A dark day dawned on foreign suppliers when the Nostro accounts suddenly became local dollars and repatriation of dividends or foreign payments ceased — arguably a move many did not see coming.

A new reality many awoke to was money locked in the country, and dividend payments outside the borders of Zimbabwe was now unimaginable.

Excess capacity could also have been a possibility to many of these suppliers as they were pushing significant volumes into the country, which they were forced to halt or curtail a bit due to ballooning debt. Local companies could not pay foreign supplies as their USD balances in the banks were now at a parity of 1:1 with the USD and it is a possibility that they could not easily off-load the product to a new market.

The government through the Reserve Bank of Zimbabwe came up with various policies to address the disaster — the country began importing finished agricultural related products, maize and wheat topping the list not to mention the usual suspects i.e., fuel and electricity.

One of the measures was the ring-fencing of foreign obligations as published in the RBZ’s exchange control circular no.8 of 2019, where companies applied to be considered on the “blocked funds” arrangement, which in principle, a local company submitted proof of debt and the related local dollars were surrendered to the central bank on a 1:1 parity with the US dollar.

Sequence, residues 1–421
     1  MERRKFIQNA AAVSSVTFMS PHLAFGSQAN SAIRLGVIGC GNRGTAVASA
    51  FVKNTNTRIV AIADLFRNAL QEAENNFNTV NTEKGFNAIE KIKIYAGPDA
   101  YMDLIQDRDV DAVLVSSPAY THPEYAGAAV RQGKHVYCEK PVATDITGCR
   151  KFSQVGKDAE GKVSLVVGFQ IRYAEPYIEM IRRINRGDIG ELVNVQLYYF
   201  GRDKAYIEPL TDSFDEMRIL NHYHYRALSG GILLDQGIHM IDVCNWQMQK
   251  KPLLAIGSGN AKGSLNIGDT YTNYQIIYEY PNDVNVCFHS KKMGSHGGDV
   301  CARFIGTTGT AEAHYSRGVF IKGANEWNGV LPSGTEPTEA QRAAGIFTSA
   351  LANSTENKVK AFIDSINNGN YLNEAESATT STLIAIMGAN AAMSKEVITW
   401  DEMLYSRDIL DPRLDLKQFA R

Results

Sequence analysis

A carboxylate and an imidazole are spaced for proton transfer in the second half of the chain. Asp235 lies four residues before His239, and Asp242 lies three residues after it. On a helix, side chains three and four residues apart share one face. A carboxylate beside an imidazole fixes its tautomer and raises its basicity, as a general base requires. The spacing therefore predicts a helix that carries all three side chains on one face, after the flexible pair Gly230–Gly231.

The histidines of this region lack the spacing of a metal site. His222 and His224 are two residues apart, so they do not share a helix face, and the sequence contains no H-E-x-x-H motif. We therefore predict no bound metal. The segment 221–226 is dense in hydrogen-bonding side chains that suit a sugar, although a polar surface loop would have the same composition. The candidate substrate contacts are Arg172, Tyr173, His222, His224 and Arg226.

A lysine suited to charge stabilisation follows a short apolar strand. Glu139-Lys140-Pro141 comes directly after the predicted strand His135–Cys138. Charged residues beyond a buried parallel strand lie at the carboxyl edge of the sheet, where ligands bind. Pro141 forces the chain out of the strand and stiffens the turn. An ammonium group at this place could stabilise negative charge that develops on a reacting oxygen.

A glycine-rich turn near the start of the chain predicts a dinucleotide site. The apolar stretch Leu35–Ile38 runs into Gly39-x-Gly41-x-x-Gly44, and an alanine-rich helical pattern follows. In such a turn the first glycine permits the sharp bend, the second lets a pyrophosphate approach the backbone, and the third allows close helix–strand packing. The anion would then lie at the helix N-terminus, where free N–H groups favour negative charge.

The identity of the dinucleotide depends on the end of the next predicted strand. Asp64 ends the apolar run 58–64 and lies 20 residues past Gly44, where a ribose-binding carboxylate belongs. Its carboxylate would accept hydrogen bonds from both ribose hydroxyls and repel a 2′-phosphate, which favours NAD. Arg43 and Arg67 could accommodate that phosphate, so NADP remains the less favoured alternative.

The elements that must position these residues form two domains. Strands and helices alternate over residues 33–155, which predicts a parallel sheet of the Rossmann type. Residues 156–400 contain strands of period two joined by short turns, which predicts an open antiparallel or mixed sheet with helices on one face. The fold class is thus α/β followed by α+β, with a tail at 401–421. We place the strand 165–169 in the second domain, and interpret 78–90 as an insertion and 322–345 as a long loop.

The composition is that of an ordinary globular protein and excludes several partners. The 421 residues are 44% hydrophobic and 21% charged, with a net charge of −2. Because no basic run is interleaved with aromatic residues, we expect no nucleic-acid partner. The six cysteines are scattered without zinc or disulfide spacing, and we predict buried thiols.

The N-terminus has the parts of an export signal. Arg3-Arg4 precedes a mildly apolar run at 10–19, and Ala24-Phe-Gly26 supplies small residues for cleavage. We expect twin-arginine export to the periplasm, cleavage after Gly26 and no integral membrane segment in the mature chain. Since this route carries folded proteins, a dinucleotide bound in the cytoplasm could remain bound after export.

The promise was the bank would then settle your liabilities and it was restricted to transactions for a period from January 2016 to February 2019.

This was met with enthusiasm from local players. However the reality in our heads was we all knew the central bank needed to get the foreign currency from someone or somewhere to extinguish these liabilities.

Accountants debated with marketers and engineers who now wanted this debt off the books of accounts since it had been taken over by the RBZ- we all know what happened, even up to today there is still no cohesion on this matter.

A shift and its impact on credit risk

Fast-forward, 2020 saw a good rainfall season and the same was envisaged for 2021/22. It was clear that the agriculture value chain needed to step up.

Closure of borders involuntarily imposed as a result of measures to stop the widespread of the new devil in the name of Covid-19 even presented a good haven for retooling and increasing local capacity under the buy Zimbabwe campaign.

The government spearheaded the National Development Strategy 1 (NDS1) implementation and amongst its core is agriculture re-investment and resuscitation of local manufacturing industries.

The lurking truth was and is most agriculture value chain players’ key raw materials are not locally sourced. For instance, in the fertiliser space, Sable Chemical Industries Limited is the sole producer of Ammonium Nitrate, whose key raw material is ammonia, which we do not have locally, hence for any agriculture to take off, the country needs to import ammonia or ammonium nitrate.

On average, the country requires 240 000 tonnes of ammonium nitrate and the price per tonne ranges from US$500 and has peaked to over US$900 in 2021.

Producers in the stock-feed and oil processing on top of their list there is soya beans, sunflower, cotton seed all these are imported, and your foreign suppliers become handy again. Petrol and Diesel are another key component and we do have large stock holding facilities e.g., the pipeline in Msasa.